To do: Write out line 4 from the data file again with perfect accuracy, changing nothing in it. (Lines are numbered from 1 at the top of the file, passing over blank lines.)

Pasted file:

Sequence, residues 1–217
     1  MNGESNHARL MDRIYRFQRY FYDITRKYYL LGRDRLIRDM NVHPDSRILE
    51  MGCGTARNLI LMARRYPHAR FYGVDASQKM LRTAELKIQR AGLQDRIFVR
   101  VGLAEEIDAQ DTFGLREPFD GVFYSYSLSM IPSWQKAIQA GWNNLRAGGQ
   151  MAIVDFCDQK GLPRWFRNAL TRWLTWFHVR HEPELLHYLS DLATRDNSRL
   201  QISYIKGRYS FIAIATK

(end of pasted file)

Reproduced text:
   101  VGLAEEIDAQ DTFGLREPFD GVFYSYSLSM IPSWQKAIQA GWNNLRAGGQ